KDKA - President Mark Sevco (HPM/Katz '91) said, "It is an extraordinary achievement to be recognized as one of the best children's hospitals in the country. I am honored to work with all the outstanding and talented health care professionals who are committed to putting children first. The rankings reflect our staff's dedicatio to creating the ultimate patient care experience by providing compassionate and world-renowned care for every single p...
THE NEW YORK TIMES - Remember Zika? With measles and Ebola grabbing headlines, it is easy to forget the health panic of 2016, when Zika was linked to severe birth defects in thousands of Brazilian newborns whose mothers were infected while pregnant, striking fear across the country and much of the Americas. "The next outbreak is not a matter of if, but when," said IDM's Ernesto Marques.
KDKA RADIO – The Clairton Coke Works is one of the biggest emitters of air pollutants in the area and there is a lot of anecdotal evidence about poor health in that area. EOH’s Jim Fabisiak and Brandy Hill (EOH ‘21) talk about their work and the importance of scientific investigation learning about asthma patients in the county, following hot spots of asthma, and preliminarily finding about the Mon Valley’s lung health.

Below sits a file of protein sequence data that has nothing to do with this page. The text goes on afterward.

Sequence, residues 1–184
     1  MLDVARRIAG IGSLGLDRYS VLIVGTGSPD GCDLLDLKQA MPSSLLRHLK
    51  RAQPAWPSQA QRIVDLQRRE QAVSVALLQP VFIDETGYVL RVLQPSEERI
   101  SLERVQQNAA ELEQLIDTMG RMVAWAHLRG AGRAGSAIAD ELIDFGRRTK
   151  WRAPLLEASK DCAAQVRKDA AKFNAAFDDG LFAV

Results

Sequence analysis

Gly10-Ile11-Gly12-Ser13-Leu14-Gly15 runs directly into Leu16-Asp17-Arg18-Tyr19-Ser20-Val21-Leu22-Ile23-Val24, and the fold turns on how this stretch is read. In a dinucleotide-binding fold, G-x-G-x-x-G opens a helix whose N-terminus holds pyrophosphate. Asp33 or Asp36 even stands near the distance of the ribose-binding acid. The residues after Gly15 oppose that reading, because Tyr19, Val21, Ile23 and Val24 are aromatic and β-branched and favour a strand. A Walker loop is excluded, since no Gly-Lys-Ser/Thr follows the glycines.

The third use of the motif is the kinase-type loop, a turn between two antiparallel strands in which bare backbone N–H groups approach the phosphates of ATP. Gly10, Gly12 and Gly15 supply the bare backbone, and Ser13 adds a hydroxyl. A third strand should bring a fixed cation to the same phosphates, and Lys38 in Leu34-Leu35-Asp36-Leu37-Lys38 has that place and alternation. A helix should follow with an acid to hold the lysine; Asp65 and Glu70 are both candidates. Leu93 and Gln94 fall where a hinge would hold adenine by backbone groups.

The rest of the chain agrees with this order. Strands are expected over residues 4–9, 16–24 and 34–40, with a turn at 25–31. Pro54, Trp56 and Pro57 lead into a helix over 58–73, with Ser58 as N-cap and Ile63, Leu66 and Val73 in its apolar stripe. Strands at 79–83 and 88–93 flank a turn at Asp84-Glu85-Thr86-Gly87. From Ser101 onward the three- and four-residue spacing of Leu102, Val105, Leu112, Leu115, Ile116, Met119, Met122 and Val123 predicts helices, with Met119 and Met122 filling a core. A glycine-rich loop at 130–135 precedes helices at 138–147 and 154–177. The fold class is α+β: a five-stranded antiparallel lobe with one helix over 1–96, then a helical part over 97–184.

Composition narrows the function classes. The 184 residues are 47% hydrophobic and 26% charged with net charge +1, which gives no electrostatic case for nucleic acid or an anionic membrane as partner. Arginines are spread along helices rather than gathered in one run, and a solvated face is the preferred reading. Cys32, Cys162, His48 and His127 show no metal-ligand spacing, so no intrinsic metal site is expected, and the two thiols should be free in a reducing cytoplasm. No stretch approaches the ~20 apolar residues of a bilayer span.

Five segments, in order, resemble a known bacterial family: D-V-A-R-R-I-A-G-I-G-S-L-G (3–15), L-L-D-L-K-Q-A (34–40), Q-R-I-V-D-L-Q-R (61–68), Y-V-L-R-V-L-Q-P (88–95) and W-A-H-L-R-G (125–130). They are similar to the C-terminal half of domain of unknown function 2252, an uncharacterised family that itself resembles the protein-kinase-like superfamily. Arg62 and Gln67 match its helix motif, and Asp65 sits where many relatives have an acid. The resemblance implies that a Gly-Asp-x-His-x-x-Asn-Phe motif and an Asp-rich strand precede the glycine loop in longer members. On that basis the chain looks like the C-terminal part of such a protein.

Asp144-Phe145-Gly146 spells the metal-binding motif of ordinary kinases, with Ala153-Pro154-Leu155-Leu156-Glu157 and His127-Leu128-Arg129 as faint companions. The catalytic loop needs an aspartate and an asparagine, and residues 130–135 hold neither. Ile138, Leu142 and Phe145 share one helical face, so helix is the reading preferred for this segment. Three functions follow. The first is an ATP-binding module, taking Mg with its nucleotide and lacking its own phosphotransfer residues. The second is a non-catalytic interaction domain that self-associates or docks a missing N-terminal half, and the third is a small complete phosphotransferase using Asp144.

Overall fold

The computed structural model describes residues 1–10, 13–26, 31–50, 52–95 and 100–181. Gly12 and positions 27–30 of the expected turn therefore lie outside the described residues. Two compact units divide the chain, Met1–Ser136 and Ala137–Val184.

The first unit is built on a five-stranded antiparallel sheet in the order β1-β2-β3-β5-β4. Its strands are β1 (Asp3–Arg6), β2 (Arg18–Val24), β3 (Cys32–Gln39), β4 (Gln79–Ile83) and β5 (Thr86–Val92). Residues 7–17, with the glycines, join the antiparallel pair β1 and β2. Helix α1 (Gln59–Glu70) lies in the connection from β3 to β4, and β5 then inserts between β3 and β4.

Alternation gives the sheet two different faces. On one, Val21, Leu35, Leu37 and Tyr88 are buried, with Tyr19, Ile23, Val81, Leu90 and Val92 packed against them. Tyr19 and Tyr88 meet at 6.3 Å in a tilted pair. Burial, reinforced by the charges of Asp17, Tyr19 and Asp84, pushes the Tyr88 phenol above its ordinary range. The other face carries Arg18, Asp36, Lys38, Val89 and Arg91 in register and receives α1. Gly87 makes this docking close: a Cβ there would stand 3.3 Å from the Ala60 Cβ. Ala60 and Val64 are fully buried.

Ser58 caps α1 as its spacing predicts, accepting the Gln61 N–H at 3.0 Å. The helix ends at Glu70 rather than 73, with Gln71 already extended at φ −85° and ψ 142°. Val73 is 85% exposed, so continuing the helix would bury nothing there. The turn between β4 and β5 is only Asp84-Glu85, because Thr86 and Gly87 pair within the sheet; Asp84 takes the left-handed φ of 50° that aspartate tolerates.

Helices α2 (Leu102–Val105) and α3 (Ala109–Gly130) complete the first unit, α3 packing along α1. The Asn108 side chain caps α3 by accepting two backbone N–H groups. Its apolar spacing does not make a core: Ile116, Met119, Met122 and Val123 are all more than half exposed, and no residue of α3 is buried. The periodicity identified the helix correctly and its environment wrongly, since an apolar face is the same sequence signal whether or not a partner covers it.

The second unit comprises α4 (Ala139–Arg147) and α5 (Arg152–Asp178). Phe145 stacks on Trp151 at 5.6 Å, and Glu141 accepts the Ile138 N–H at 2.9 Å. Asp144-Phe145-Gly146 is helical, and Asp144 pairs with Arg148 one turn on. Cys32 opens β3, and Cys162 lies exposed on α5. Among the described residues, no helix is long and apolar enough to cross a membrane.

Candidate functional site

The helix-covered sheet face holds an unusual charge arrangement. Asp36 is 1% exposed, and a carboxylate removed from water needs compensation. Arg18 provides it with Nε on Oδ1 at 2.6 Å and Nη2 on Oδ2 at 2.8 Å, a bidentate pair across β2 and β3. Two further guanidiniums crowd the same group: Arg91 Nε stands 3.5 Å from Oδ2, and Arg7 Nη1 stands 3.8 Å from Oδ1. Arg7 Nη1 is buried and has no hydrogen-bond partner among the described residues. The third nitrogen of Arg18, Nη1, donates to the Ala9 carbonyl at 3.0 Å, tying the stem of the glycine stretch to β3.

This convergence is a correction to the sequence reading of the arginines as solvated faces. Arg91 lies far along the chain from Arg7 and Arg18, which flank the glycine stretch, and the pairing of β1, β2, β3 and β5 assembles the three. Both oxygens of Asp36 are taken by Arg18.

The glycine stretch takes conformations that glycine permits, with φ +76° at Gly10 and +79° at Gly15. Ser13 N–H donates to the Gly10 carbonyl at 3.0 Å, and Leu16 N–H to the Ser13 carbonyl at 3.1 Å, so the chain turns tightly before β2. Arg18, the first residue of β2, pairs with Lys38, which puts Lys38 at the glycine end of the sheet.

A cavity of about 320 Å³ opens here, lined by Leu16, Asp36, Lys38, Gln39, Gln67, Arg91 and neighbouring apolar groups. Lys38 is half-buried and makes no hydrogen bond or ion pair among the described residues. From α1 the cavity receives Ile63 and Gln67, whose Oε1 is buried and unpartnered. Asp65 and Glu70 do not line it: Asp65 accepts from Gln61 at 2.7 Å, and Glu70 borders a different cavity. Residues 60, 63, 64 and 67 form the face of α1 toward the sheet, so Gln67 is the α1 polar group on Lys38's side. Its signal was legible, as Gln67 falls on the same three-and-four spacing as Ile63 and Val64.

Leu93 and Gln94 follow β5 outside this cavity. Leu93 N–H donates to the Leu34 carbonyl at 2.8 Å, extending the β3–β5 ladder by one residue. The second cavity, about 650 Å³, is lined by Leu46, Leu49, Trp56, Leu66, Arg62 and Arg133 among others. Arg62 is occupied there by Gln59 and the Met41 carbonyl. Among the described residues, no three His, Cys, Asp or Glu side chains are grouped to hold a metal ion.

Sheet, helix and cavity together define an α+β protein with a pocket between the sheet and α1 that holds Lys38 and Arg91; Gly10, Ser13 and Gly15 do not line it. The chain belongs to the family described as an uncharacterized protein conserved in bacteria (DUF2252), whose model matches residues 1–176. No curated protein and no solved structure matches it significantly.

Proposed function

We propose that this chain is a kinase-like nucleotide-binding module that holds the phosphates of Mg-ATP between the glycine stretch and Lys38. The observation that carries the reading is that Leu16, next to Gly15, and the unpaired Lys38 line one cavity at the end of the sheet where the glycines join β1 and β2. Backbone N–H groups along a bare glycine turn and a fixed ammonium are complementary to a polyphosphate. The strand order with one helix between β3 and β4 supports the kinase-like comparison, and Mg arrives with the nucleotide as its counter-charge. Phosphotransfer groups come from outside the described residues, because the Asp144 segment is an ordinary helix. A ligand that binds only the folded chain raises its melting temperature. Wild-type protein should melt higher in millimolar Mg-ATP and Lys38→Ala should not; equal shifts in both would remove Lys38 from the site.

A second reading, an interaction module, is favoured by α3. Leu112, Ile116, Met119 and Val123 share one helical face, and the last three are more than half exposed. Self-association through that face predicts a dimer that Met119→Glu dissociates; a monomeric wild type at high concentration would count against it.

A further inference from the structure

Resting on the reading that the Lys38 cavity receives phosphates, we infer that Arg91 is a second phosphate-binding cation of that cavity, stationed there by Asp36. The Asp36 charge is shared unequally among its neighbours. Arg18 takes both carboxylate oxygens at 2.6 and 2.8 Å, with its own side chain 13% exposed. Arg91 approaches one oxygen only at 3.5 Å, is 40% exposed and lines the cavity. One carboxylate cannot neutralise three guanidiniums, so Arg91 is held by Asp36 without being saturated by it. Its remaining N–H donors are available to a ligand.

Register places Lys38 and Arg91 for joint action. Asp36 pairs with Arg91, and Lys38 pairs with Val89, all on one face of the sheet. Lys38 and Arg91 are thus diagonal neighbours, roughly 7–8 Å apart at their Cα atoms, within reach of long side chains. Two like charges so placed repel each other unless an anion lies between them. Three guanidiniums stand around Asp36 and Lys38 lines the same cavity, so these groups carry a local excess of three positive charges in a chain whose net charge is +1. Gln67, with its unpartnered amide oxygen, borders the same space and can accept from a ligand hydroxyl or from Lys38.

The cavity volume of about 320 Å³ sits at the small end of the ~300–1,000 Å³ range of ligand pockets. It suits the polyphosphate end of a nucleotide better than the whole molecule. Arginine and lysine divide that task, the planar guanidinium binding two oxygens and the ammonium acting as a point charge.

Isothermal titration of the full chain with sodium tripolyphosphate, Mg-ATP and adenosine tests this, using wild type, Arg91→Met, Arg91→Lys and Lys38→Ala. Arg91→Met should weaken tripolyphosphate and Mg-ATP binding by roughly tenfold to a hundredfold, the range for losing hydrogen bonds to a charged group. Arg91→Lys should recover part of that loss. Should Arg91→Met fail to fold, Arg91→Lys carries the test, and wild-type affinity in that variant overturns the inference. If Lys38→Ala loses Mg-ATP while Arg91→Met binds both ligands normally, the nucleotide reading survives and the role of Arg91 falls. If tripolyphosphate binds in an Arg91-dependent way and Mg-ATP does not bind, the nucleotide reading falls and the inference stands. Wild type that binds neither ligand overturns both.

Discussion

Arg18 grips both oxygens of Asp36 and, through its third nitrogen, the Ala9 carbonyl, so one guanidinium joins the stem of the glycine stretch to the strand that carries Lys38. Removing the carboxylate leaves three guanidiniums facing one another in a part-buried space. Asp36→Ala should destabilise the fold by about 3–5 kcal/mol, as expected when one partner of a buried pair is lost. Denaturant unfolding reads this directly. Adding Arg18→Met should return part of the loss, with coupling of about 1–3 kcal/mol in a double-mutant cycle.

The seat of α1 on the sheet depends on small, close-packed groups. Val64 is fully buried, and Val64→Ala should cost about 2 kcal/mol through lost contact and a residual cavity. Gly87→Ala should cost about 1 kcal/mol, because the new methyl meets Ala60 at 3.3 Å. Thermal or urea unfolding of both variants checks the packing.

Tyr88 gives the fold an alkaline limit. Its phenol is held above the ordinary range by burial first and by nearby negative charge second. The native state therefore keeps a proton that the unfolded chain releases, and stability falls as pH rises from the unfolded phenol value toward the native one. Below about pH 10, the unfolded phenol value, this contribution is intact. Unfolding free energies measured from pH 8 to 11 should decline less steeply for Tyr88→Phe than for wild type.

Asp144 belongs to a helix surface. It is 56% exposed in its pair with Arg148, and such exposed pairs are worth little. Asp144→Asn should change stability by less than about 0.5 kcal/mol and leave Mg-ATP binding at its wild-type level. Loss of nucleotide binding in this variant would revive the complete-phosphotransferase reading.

Kristina Boyd (BIOST '19) has been selected to participate in the JSM Diversity Workshop and mentoring program at this year's Joint Statistical Meetings taking place in Denver July 28-31. She was also granted a travel award to attend. Those selected will participate in daily sessions, career enhancement activities, group and individual mentoring, and will have the opportunity to develop a peer network among other participants.
PITTSBURGH BUSINESS TIMES - Donald Burke is retiring from his role as dean but he’ll remain active with the University. He reflected on his career, including time in the military and international work in two dozen countries and shared concerns about scientific denialism. "As a scientific community, it's our job to continue to point out that the best decisions are based on evidence, and that without science, you can't make policies."